Cradle to Cradle Makes it Right

Brad Pitt is one of the biggest celebrities in Hollywood. A fact that should not come as a surprise to anyone. What is surprising is that Brad Pitt has taken his celebrity status and used it to give back to people who have given so much to him.

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In 2006 Brad Pitt created the Make it Right Foundation. The aim of this foundation was to provide housing for those who had lost their homes as a result of Hurricane Katarina. The goal of the project was to rebuild 150 homes and to make them safe, affordable and energy efficient. His project is focused on the Lower 9th Ward of New Orleans. So far the project has been a success. As of November 2011, 75 of the planed 150 homes were completed.

The design methodology chosen for the construction of these homes is known as Cradle to Cradle. This method is unique as it employs a biometric approach in all aspects of design. In essence, when using this method it is important to take into consideration account the effects on the environment. The end goal being that what is created should be efficient, cost-effective and produce little to no waste.

The materials used in construction, when employing Cradle to Cradle Design, are split into two categories (or nutrients): “biological” or “technical”. The use of the word “nutrients” is meant to underline the ideology of this design system: what is used must also be able to nurture and enrich its environment.

The biological nutrients must be organic materials, which after use can be disposed of by returning them to the ecosystem. There they can decompose and become food for other life forms. In addition, the biological nutrients must be locally sourced so that their introduction into the regional ecosystem does not cause any imbalances. Just because something is natural and harmless in one zone does not mean it is always transferable to another.

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The technical nutrients differ from the biological nutrients in that they are synthetic materials. The criteria for the technical nutrients are that they must be non-toxic and non-harmful. They must also have no negative impact on the surrounding environment and be reusable without any loss of quality. The reuse eliminates a phase known as “downcycling”, where synthetic materials are processed into other lesser products, which eventually end up in the garbage.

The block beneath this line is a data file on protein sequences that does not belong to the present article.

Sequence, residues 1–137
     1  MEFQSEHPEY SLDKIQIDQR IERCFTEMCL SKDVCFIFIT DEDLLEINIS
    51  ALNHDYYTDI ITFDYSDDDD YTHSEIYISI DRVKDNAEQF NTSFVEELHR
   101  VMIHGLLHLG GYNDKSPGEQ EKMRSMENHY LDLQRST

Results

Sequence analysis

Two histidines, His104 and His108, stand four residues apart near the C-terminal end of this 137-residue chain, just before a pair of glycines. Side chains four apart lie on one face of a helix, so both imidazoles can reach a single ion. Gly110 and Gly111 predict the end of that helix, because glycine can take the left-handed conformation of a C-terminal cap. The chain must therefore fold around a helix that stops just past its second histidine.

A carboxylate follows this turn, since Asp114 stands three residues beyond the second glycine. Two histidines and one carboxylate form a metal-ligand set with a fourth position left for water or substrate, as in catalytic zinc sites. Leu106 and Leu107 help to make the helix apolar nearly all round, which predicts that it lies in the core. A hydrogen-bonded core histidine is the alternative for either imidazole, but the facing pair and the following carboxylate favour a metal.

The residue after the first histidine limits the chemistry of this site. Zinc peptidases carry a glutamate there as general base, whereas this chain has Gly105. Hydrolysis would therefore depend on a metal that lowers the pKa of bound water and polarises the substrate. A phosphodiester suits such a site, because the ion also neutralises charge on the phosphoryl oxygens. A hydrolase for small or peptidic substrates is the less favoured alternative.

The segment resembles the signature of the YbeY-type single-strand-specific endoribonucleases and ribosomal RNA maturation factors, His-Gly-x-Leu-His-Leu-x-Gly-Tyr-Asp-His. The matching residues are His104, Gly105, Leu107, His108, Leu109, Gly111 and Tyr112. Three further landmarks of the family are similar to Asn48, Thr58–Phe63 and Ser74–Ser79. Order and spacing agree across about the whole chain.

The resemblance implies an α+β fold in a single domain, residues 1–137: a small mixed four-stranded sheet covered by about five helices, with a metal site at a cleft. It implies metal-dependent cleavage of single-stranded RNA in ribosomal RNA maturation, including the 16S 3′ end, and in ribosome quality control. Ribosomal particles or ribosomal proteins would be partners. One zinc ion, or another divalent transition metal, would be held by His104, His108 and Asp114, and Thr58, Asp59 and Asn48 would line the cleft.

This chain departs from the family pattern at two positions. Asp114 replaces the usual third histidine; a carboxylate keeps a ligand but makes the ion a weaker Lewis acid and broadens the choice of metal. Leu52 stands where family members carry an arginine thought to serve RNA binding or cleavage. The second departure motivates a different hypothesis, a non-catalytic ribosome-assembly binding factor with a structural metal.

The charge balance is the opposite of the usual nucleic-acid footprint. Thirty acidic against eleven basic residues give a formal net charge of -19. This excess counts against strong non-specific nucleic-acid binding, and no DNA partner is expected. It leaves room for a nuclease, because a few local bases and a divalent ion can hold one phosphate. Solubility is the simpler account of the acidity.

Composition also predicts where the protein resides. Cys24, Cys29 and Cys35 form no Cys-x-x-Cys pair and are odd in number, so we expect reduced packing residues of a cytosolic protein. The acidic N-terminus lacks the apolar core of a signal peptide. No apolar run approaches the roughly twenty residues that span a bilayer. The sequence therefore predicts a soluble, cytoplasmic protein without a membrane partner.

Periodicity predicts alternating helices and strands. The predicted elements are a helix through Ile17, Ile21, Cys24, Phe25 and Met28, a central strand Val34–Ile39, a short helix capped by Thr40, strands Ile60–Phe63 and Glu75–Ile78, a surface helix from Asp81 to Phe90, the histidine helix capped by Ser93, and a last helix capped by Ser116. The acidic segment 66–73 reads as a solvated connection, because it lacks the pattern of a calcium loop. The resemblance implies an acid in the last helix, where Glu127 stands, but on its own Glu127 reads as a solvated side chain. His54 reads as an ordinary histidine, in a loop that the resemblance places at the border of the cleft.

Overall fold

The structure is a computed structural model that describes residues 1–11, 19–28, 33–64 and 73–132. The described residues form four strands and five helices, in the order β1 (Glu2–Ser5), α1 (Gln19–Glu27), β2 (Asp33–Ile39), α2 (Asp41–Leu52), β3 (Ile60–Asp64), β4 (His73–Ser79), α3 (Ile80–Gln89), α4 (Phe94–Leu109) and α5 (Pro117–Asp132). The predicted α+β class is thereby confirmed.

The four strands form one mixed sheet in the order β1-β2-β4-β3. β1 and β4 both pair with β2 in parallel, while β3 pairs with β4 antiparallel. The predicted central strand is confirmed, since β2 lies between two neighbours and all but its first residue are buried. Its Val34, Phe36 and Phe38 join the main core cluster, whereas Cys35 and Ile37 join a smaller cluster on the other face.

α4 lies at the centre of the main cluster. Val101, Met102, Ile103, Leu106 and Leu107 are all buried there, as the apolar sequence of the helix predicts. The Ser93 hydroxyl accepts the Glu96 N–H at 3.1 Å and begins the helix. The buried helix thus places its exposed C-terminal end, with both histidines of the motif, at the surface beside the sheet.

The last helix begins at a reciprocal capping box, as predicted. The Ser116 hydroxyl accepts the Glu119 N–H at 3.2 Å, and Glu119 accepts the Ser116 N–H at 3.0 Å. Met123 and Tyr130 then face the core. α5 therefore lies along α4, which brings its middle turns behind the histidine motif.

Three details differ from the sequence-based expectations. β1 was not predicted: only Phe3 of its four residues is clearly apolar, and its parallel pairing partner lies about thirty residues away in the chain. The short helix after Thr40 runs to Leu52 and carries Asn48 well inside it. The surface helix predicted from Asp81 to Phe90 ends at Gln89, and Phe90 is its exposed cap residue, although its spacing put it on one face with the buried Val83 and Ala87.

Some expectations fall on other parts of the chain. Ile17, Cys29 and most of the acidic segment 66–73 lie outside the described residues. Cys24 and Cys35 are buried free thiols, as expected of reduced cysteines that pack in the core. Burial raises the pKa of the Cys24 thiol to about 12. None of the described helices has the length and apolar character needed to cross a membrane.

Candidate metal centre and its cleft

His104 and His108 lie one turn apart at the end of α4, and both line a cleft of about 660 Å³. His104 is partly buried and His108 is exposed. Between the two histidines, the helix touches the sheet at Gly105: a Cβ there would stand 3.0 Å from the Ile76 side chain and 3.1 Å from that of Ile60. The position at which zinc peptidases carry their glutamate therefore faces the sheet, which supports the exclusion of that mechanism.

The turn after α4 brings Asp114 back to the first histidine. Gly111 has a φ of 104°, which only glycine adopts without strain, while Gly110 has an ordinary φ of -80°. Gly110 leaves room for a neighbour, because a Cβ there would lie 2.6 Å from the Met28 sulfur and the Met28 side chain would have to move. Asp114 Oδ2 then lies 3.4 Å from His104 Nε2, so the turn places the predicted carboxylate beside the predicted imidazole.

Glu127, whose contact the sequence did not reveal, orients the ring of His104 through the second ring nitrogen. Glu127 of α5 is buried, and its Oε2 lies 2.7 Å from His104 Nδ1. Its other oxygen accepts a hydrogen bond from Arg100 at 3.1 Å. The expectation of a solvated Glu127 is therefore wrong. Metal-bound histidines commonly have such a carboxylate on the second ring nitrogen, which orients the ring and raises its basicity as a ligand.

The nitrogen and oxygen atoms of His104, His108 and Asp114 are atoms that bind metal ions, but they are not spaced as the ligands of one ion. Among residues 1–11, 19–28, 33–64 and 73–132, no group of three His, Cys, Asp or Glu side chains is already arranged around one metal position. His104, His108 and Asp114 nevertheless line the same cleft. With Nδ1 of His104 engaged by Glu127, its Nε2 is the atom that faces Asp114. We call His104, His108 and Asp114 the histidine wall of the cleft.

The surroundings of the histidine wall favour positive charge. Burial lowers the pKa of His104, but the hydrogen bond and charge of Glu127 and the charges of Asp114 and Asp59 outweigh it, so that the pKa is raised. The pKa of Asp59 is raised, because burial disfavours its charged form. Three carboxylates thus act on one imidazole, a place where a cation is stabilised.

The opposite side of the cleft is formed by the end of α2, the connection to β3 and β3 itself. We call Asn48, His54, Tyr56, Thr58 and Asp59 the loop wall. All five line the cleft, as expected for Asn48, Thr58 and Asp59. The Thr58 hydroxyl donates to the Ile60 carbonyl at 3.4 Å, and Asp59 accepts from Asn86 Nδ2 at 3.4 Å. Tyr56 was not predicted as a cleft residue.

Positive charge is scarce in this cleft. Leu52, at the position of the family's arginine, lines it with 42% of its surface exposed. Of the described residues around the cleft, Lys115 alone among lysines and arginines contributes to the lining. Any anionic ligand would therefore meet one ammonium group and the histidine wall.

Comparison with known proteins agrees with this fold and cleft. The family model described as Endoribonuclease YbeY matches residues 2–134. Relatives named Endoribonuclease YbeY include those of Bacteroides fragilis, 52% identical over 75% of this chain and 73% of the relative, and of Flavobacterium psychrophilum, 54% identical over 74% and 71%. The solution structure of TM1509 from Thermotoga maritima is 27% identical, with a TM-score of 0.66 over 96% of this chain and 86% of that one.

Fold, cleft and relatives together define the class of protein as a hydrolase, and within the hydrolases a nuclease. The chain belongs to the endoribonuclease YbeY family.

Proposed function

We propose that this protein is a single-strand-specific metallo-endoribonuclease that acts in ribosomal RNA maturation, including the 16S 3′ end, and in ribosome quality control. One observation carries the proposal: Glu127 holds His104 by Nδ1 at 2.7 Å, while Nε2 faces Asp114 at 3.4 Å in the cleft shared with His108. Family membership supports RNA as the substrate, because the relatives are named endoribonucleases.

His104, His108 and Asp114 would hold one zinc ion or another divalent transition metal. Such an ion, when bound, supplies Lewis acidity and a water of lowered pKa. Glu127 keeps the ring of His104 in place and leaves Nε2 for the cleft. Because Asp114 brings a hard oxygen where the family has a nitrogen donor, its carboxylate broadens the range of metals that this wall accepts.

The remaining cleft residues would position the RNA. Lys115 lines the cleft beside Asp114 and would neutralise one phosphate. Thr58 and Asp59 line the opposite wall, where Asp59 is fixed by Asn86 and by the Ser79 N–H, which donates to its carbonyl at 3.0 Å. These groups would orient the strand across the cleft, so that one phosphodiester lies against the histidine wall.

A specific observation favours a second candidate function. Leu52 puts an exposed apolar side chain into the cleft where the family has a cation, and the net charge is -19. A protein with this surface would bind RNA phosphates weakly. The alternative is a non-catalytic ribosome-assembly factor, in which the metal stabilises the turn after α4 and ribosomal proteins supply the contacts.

The health of the occupants was also one of the main considerations in the creation of Cradle to Cradle Design. Modern building materials have left our homes full of toxic materials, which have a negative impact on human health. In addition, the processes involved in the manufacturing of many commonly used building materials have an adverse effect on the environment in general, so it is really a two-fold problem. By phasing out these harmful materials two issues can then be remedied: the occupants enjoy greater health, indoors and outdoors, and the environment is spared the toxic by-products of the manufacturing process.

Reduced cost is another benefit of Cradle to Cradle Design. This added bonus really runs contrary to how most things work in our society. In general, the cheaper something is, the more damaging it is to the environment. Being able to offer quality housing at a reduced cost that is both good for the occupants and the environment makes this design method all the more attractive.

Cost savings can also be found as a byproduct of the materials chosen for construction. Living roofs, for example, act as a natural form of insulation and can also be used to help purify water. The placement of the house, with respect to the rising and setting of the sun, can leverage its heat and light, which further reduces utility bills.

This method of house placement is known as passive solar design. Heat absorbing walls can store thermal energy that can be released later in the day when the temperature drops. Solar collectors can be used to heat water and solar panels can create extra electricity. Window placement will also maximize the available light. As a result of these, and many more improvements, Cradle to Cradle houses use one-third the energy of similarly sized homes.

With the success of the first Make It Right project more are in the works. Hopefully the viability of this method is embraced nationwide. Everyone wants quality housing that is affordable. Thankfully Cradle to Cradle design is paving the way for sustainable habitation for all.

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